The spine forms here a semicircle which has this effect; that whether by the exertion of the lower extremities, the spine is to be carried forward upon the pelvis, or whether the body stops suddenly in running, the jar which would necessarily take place at the lower part of the spine, if it stood upright like a mast, is distributed over several of the bones of the spine; and, therefore, the chance of injury at any particular part is diminished.
For example, the sacrum, or centre bone of the pelvis, being carried forward, as when one is about to run, the force is communicated to the lowest bone of the spine. But, then, the surfaces of these bones stand with a very slight degree of obliquity to the line of motion; the shock communicated from the lower to the second bone of the vertebræ is still in a direction very nearly perpendicular to its surface of contact.
The same takes place in the communication of force from the second to the third, and from the third to the fourth; so that before the shock of the horizontal motion acts upon the perpendicular spine, it is distributed over four bones of that column, instead of the whole force being concentrated upon the joining of any two.
If the colunin stood upright, it would be jarred at the lowest point of contact with its base. Put by forming a semicircle, the motion would produce a jar on the very lowest part of the column, and which is distributed over a considerable portion of the column; and in point of fact, this part of the spine never gives way. Indeed, we should be inclined to of
quadrupeds the number of vertebræ is from thirty o forty in the serpent it is nearly one hundred and fifty whereas in men and quadrupeds the surfaces of the bones are flat, and these flat surfaces laid one against the other, and bound tight by sinews; in the serpent the bones play one within another like a ball and socket, * so that they have a free motion upon one another in every direction; that is to say, in men and quadrupeds, firmness is more consulted; in sei pents, pliancy. Yet even pliancy is not obtained at the expense of safety. The backbone of a serpent, for coherence and flexibility, is one of the most curious pieces of animal mechanism with which we are acquainted. The chain of a watch, (I mean the chain which passes between the spring-barrel and the fusee,) which aims at the same properties, is but a bungling piece of workmanship in comparison with that of which we speak.
IV. The reciprocal enlargement and contraction of the chest to allow for the play of the lungs, depends upon a simple yet beautiful mechanical contrivance, referrible to the structure of the bones which enclose it. [Pl. X. fig. 1.] The ribs are articulated to the backbone, or rather to its side
fer this model to the consideration of nautical men, as fruitful in hints for improving naval architecture.
Every one who has seen a ship pitching in a heavy sea, must have asked himself why the masts are not upright, or rather, why the fore mast stands upright, whilst the main and mizzen masts stand oblique to the deck, or, as the phrase is, rake aft or towards the stern of the ship.
The main and mizzen masts incline backwards, because the strain is greatest in the forward pitch of the vessel; for the mast having received an impulse forwards, it is suddenly checked as the head of the ship rises; but the mast being set with an inclination backwards, the motion falls more in a perpendicular line from the head to the heel. This advantage is lost in the upright position of the foremast, but it is sacrificed to a superior advantage gained in working the ship; the sails upon this mast act more powerfully in swaying the vessel round, and the perpendicular position causes the ship to tack or stay better; but the perpendicular position, as we have seen, causes the strain in pitching to come at right angles to the mast, and is, therefore, irure apt to spring.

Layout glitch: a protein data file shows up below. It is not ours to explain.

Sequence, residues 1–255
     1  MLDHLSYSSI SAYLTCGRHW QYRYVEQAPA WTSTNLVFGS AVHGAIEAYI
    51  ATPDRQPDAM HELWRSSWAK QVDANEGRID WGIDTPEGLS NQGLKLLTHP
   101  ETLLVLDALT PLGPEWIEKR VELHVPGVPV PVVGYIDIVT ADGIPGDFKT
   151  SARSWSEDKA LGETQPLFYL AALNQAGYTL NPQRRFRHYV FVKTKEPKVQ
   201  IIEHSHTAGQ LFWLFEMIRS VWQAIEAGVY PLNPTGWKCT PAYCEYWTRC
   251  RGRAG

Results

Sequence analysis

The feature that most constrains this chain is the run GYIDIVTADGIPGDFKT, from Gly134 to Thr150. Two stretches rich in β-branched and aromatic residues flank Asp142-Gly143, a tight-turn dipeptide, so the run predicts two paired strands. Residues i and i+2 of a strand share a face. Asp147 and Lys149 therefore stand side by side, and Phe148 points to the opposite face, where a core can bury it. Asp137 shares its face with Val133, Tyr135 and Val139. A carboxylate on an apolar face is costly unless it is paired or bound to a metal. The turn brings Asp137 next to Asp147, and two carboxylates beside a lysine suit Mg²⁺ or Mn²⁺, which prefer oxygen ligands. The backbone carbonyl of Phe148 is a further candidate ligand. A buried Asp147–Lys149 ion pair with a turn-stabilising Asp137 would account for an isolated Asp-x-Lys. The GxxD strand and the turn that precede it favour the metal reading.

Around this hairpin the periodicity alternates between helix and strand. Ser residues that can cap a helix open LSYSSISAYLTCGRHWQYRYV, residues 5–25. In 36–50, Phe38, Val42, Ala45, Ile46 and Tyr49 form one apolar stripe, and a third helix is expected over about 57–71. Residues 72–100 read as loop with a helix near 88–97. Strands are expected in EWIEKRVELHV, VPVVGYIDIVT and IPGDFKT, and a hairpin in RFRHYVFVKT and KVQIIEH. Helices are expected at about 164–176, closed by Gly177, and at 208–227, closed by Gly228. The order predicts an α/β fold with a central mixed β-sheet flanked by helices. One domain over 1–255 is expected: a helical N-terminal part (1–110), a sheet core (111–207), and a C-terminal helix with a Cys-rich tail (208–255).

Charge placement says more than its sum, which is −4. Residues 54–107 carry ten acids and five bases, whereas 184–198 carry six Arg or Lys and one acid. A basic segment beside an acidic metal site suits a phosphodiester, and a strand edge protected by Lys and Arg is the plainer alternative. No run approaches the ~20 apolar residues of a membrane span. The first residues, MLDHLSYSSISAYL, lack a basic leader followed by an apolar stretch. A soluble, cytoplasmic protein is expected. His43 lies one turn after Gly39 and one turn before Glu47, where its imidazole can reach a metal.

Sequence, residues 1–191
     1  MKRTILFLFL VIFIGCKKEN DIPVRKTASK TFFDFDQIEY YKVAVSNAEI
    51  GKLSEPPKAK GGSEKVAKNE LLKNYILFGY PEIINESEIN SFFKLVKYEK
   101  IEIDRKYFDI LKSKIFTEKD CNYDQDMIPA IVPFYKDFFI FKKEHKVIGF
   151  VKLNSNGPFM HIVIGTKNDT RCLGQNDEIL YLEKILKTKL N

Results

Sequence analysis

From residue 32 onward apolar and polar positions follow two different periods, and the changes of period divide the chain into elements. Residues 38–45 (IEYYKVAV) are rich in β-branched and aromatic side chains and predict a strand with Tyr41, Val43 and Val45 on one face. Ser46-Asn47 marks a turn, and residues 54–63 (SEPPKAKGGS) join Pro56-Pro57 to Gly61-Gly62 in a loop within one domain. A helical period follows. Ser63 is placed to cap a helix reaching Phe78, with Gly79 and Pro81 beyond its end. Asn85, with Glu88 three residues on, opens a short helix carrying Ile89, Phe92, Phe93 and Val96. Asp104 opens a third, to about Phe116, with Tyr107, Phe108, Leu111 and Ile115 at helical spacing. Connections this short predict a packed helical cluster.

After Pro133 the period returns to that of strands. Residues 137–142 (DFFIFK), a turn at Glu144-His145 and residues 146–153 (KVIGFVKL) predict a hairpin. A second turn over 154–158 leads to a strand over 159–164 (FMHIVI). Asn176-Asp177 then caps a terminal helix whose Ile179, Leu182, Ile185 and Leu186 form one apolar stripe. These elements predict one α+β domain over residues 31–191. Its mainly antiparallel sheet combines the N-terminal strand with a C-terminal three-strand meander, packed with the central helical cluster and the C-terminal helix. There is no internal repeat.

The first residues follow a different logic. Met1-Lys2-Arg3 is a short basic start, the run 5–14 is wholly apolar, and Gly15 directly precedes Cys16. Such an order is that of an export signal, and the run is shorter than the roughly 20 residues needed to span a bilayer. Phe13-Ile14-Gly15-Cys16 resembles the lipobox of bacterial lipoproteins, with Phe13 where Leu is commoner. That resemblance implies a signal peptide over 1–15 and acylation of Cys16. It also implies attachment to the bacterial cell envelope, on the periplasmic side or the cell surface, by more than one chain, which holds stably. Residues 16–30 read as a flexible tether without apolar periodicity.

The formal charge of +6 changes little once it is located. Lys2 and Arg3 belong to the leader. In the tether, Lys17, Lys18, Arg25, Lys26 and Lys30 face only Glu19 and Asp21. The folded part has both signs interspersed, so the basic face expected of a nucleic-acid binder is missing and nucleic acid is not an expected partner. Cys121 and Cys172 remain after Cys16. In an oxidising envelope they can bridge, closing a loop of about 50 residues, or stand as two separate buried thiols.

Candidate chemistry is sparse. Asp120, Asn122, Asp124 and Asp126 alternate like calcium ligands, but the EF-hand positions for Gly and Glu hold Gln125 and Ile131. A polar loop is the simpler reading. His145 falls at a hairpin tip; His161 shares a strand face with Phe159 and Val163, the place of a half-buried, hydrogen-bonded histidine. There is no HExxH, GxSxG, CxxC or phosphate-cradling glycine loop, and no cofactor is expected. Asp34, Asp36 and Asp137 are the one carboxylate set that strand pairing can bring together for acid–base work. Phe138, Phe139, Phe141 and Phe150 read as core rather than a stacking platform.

These considerations give an interest to the fact, that the human spine, from its utmost convexity near its base, inclines backwards."-Bell's Treatise on Animal Mechanics.
* Der. Phys. Theol. p. 396.
+ In fish, which have more elastic, but less flexible bodies, the structure of the spine differs. The end of each vertebra is a cup containing a viscid fluid, which keeps the bones from approaching nearer to each other than the mean state of the elasticity of the lateral ligaments ; the fluid is incompressible, therefore forms a ball round which the bony cups move ; the ball having no cohesion, the centre of motion is always adapted to the change which the joint undergoes without produring friction.- Paxton.
projections obliquely:* that is, in their natural position, they bend or slope from the place of articulation downwards. But the basis upon which they rest at this end being fixed, the consequence of the obliquity, or the inclination downwards, is, that when they come to move, whatever pulls the ribs upwards, necessarily, at the same time, draws them out; and that, whilst the ribs are brought to a right angle with the spine behind, the sternum, or part of the chest to which they are attached in front, is thrust forward. The simple action, the afore, of the elevating muscles does the business; whereas, if the ribs had been articulated with the bodies of the vertebræ at right angles, the cavity of the thorax could never have been farther enlarged by a change of their position. If each rib had been a rigid bone, articulated at both ends to fixed bases, the whole chest had been immoveable. Keill has observed, that the breastbone in an easy inspiration, is thrust out one-tenth of an inch: and he calculates that this, added to what is gained to the space within the chest by the flattening or descent of the diaphragm, leaves room for forty-two cubic inches of air to enter at every drawing-in of the breath. When there is a necessity for a deeper and more laborious inspiration, the enlargement of the capacity of the chest may be so increased by effort, as that the lungs may be distended with seventy or a hundred such cubic inches. † The thorax, says Schelhammer, forms a kind of bellows, such as never have been, nor probably will be, made by any artificer. I